The 2012 calendar year has seen a surge of many things related to WordPress. Theme quality, competition, pricing structures, and features have all improved greatly over premium products that were commercially released only a couple of years ago; resulting in a client base that is more eager than ever to get the most out of the open-source platform.
Mobile Device Consideration
We don’t have to go that far back to a time when catering to the mobile device market was done mostly via WordPress Plugins rather than as an afterthought for newly released themes. When I first began reviewing templates, there were actually separate “child themes” on the market (such as Handheld by Elegant Themes) for website administrators who were interested in giving smartphone and tablet computer users a more organized content reading experience.
However, the times have changed in 2012, with more and more theme companies adding fully responsive designs into all newly released products.
The “Unlimited” Marketing Tool
The word “unlimited” gets pushed rather heavily in WordPress marketplaces, as many companies have really gotten on top of making sure that customers are taken care of in unprecedented fashion. Take StudioPress as an example. This firm offers unlimited support, updates, and even domains, thanks to its unique subscriber plan that does not require individual customers to pay an additional fee to be distinguished as a Developer. Right off the bat, you’ll be able to use any theme you buy from StudioPress on any amount of websites you wish.
Unlimited has also translated into the localization process, with a growing amount of languages becoming a part of premium WordPress theme downloads. Although we’re still a while away from a time when premium templates are by default localized in hundreds of languages and dialects, we can see where this is going as a growing number of cultural regions catch on to WordPress as a whole.
And how about “unlimited” color styles? Remember how difficult changing the overall scheme of your WordPress template used to be? Well, not any more. Some products come with the ability to input your own, custom generated hexadecimal code and have that serve as the overall background of your website. Best of all, this can usually be achieved with just a few convenient clicks of your mouse – without ever having to go into the Editor and manipulate actual code.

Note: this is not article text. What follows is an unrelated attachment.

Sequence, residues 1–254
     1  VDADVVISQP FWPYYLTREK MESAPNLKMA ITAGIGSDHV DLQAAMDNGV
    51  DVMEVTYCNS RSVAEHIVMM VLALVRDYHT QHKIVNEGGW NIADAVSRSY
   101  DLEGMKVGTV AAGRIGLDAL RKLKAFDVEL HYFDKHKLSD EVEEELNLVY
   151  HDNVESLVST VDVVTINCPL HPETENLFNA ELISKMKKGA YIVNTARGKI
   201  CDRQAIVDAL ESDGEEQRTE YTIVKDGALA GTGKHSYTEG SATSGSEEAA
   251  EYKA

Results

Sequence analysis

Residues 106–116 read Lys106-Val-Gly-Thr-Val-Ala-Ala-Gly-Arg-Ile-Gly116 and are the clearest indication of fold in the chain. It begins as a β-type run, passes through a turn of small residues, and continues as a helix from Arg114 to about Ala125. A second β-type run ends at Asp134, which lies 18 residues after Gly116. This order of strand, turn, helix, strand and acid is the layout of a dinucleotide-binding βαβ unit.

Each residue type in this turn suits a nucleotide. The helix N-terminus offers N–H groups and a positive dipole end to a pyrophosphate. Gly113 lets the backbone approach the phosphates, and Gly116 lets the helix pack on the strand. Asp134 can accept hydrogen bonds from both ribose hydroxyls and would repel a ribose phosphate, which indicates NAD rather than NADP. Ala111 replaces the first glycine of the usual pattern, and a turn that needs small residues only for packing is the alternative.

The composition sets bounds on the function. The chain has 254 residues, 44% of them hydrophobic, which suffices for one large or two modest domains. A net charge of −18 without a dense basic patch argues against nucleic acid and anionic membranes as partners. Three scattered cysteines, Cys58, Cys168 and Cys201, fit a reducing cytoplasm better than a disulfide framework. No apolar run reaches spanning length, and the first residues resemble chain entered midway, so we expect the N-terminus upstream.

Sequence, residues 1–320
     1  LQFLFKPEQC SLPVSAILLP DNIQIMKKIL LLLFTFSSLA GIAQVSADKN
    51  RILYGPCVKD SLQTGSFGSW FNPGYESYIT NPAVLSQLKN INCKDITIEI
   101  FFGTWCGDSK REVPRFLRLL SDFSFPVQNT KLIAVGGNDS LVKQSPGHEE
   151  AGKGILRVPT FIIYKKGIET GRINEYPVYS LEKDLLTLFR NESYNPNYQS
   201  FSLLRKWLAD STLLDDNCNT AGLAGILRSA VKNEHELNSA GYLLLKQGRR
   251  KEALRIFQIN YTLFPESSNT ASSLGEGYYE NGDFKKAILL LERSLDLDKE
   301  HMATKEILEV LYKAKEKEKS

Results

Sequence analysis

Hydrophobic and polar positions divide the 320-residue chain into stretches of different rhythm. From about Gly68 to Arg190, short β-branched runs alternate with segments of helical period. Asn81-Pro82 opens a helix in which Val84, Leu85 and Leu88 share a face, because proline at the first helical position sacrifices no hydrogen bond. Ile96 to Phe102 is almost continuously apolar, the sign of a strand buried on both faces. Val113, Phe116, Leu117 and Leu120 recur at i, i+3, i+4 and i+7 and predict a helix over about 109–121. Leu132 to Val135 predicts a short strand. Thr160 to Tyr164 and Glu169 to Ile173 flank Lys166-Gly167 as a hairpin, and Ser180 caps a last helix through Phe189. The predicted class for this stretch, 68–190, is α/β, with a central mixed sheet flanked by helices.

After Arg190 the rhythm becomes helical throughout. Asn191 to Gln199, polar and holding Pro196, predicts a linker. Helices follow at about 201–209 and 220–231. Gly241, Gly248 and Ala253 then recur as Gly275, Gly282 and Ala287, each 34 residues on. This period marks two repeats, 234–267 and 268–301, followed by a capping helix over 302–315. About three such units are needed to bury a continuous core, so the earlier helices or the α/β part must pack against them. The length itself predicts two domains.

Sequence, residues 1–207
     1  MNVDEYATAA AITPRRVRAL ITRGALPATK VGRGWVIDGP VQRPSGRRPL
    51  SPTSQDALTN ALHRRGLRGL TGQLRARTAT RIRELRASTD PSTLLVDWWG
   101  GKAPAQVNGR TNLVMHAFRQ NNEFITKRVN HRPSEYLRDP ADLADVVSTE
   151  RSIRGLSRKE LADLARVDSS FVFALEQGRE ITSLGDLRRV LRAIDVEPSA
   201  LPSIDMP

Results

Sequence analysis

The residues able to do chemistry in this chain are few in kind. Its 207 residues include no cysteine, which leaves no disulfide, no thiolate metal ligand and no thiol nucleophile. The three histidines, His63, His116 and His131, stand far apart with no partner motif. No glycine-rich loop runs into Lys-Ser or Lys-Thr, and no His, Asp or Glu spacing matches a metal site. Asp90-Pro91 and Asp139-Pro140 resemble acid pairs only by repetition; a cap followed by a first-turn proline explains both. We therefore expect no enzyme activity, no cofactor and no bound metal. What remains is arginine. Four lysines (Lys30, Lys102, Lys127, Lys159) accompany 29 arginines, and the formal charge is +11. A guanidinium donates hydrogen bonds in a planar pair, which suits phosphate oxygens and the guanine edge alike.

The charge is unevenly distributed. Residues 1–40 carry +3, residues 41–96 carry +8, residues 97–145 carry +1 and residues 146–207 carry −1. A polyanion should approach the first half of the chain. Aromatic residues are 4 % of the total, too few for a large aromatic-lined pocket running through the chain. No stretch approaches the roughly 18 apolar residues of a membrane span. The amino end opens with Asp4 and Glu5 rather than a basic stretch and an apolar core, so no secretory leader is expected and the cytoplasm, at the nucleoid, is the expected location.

Social Media And Beyond
The amalgamation of social media sharing astonishes me, if only because of how easy (and automated) the process of mass-sharing has become. In the old days, a company with many sites may have needed a separate employee for the sole purpose of distributing news and events via sites like Facebook and Twitter. But now, this process can be programmed ahead of time to automatically update your social media pages (practically in real-time) to inform fans and followers immediately; giving website owners access to immediate feedback.
The amount of customization tools currently available (both free and premium) offer a variety of ways to get just about any website off the ground and into the social media realm with as little effort as possible. We’re seeing a revolution when it comes to concentrated worldwide exposure and customer-unique advertisement prompts.
Not too long ago, if you were in the market for a high-end real estate theme that could also carry your company’s blog while offering a responsive design with various portfolio page templates; your best bet would have been getting your hands on multiple themes. That’s not necessarily the case in 2012.
Today, many new premium WordPress themes come standard with flexibility that allow the download to be implemented on a wide range of sites. Some templates can actually pull off everything from serving as a full-fledged photography portfolio to an online retail base; broadening the limits of overall usage to the imagination of a particular developer.
Give Us Your Thoughts
In this week’s WPHub.com Poll, we’d like to know what you feel has been the most important WordPress theme feature of 2012.